Friday, January 3, 2014

Equal opportunity for equal ability and effort

There are plenty of military occupations that aren't a good fit for a certain category of people. These occupations demand brute strength and endurance under a heavy load. There are some people who are fit enough to run a marathon. But, can they carry a wounded buddy, two rifles, and a 65-pound rucksack to safety 50 yards away? No Marine in his right mind wants to fight alongside another Marine who can't.

This issue has repeatedly reared it's head at least since the early '70s when I first joined the Air Force as an ROTC cadet. In spite of reason and basic biology, social engineers keep trying to put women into military occupations where they simply don't fit well. Yet, much to everyone's surprise, the Marines (the last holdouts to be politically cleansed) are learning that women don't have the strength of a man!

When I was flying the C-141 jet transport in the Air Force back in '76-'81, I was occasionally asked to participate in firefighter training. My job was to show the firefighters how to shut down the airplane if the crew is incapacitated. Then, my crew and I served as training dummies as if we were said incapacitated crewmembers.

In those pre-women-on-the-rescue-crew days, it was always very reassuring to know that the firefighter yanking me out of the seat and carrying me down two aircraft ladders was another 200-pound man who met rigorous fitness standards -- not a 110-pound woman who couldn't do 3 pull-ups.

I never got a single bump, scrape, or bruise from those training events. I'm sure there are a handful women that could do that too, but in general, a female firefighter in today's equal-opportunity military would probably either break her neck and mine getting me out or would be forced to leave me roasting in the fire.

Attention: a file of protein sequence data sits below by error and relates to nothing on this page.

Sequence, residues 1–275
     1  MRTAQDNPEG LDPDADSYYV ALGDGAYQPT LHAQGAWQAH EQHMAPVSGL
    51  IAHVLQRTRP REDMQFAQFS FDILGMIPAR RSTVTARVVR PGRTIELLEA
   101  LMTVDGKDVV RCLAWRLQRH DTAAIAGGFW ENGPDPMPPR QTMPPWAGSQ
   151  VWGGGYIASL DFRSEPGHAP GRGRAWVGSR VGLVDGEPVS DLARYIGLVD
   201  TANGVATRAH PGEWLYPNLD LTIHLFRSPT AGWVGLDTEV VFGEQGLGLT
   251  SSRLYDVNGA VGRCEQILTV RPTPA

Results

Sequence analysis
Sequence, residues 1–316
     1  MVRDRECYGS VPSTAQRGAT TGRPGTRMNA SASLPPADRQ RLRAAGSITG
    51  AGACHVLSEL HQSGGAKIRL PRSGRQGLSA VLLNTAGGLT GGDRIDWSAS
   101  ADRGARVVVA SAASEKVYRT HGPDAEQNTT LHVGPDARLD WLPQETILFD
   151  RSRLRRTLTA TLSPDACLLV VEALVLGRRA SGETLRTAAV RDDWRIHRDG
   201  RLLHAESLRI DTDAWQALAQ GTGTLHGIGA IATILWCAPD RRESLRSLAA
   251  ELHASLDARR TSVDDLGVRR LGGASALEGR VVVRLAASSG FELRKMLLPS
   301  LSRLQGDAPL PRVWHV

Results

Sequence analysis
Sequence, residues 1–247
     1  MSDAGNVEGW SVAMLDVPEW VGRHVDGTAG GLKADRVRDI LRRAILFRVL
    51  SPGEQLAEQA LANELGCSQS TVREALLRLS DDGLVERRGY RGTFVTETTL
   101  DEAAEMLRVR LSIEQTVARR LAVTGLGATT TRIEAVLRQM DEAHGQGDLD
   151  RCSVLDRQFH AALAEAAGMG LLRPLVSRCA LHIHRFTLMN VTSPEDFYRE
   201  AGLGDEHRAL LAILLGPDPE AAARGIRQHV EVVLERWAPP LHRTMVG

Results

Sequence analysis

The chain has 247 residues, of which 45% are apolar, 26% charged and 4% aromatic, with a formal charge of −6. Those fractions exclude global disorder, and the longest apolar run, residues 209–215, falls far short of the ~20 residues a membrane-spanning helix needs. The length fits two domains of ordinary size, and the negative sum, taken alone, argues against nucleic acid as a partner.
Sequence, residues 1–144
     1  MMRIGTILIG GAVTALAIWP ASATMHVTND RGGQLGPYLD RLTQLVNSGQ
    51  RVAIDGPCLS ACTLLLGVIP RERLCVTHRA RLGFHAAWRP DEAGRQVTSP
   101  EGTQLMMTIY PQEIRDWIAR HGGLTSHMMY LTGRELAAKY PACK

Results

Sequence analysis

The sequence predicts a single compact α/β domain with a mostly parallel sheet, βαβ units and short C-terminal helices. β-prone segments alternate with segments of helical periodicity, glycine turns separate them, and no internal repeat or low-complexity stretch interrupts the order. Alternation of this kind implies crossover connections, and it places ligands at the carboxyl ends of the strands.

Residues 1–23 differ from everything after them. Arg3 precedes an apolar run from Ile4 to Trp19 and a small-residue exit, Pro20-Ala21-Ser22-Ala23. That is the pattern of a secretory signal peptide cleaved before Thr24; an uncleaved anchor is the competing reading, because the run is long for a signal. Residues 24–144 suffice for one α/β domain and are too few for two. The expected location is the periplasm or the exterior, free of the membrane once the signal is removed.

As a 23-year veteran, I saw cases where women did just as well as men in their assigned specialty -- sometimes better. I also saw cases where they were a handicap to the unit and a danger to themselves. I saw cases where they exploited their status as women to get easier duty. One common case in aviation maintenance is for women to claim pregnancy during bad weather knowing that pregnant women shouldn't be exposed to radar and radio waves and fuel fumes common on the flight line.

Equal opportunity is great -- if everyone is equally up to the job. But, if any person or group of persons isn't capable of doing a particular job correctly, safely, and without jeopardizing the mission or fellow servicemen, they need to find a job that's a better fit.

The armed forces exist to fight when called upon -- not to be a sociology lab.

BTW, Even I can't do the job anymore either. That's why servicemen are retired when they're still relatively young, but getting too old to get on the horse.

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